The Kit
Like their kits of the Soviet (NTV) 16.5t boxcar and Up Trailer with Timber Racks, this Ua model is an awesome and enticing model. The Up flatcar is actually modeled as a companion model for the Ua. You may see the review via Related Link in the Summary Box, below.

Wood, resin and metal parts - machined and photo-etched - comprise this detailed craftsman model. All of the parts are sealed in zip locking baggies, dozens of them. Baggies and baggies inside of baggies! There are not as many individual pieces as in the NTV kit although my eyes again crossed while trying to count all the parts (over 150 just to build the body itself):
    Resin engine and transmission x 21
    Resin bolts & nuts x 74
    Wood body x 85
    Resin body and crew interior x 79
    Clear headlight lenses x 4
    Metal rod x 1
    Brass photo-etch x 67
    'Glass' x 14
    Machined brass x 5
    Decal sheet x 1

I might have missed a part or two but that adds up to around 350 pieces. Manageable, I think.

Armor35's resin casting is generally very good. The crisp gray parts are free of seam lines and air pocks. A few pieces have slight amounts of excess flash. However, a few pieces are slightly warped and may need hot water or a hair drier to straighten them. In spite of the fine diameter of many pieces on pour block "sprues," I found no broken parts. Perhaps the generous use of baggies helped to cushion the parts?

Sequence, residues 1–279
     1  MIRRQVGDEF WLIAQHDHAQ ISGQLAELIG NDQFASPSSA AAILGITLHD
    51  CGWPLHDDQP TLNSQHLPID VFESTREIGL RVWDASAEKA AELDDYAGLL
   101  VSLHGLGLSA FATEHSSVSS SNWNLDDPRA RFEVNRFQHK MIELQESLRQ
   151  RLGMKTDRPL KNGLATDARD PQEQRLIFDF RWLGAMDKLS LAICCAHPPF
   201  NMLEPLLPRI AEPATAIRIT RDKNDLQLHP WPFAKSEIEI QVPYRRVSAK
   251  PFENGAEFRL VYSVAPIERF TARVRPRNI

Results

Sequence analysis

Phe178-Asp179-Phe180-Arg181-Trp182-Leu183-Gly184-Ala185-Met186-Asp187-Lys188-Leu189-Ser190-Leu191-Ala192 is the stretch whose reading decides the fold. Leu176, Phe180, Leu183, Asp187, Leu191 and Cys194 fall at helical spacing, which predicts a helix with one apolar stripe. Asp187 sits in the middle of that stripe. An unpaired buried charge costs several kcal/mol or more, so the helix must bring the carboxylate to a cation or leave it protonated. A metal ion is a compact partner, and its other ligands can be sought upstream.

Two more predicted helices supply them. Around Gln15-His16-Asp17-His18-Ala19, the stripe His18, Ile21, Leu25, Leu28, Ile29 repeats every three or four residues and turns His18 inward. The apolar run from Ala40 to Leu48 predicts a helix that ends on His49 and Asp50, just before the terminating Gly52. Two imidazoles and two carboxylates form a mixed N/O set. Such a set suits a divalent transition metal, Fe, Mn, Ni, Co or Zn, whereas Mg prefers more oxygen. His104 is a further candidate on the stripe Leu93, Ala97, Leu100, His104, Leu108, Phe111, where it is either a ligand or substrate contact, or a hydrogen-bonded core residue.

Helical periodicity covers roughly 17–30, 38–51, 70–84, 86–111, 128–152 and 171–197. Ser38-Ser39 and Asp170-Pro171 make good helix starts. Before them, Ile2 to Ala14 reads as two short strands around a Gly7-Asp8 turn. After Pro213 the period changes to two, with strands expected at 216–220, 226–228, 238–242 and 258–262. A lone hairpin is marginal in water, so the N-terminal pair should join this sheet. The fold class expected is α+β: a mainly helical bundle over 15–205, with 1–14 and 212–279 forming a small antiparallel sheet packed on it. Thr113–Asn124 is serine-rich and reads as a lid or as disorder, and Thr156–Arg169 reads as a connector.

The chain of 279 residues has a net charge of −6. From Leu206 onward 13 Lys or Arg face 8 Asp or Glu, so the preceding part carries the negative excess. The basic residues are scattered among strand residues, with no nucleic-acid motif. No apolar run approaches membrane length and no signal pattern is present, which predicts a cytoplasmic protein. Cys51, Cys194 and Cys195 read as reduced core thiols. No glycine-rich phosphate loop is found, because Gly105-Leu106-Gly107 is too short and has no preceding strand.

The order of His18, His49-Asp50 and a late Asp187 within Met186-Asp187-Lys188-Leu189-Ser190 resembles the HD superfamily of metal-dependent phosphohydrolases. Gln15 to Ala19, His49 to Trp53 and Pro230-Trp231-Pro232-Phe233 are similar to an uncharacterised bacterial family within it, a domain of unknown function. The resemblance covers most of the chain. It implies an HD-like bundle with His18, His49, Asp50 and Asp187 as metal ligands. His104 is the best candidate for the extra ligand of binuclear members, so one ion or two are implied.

Aside from removing the parts from their "sprues" and any cleanup of the pieces, very little preparation is required by the modeler.

Typical of Armor35 all of the brass parts are sharply and cleanly etched. This brass sheet does not seem as thick as the brass for the later NTV boxcar. As some of those parts are relatively large and are load bearing, I wonder if they should be soldered or glued together? I plan to solder them.

Whatever wood Armor35 uses is excellent. None of the strips are warped and they are crisply cut, lacking fuzz and splinters. The 25 pieces for the flooring are beautiful to behold, almost like they are ceramic.

Detail
Modelers can expect an amazing level of detail. Notice that each link in the cast drive chains are open! The kit is designed to an engineering level of accuracy and authenticity. An example of the level of detail is the driver's space with 16 parts. The engine is built up with 22 parts. Five pieces make up each wheel and suspension, excluding the axles. Even each lowly bench is six pieces.

While there are a lot of bolts and dozens will be visible, a modelers could opt not to set each one as many will not be readily visible - unless you dump yours over in a derailment or a destruction diorama.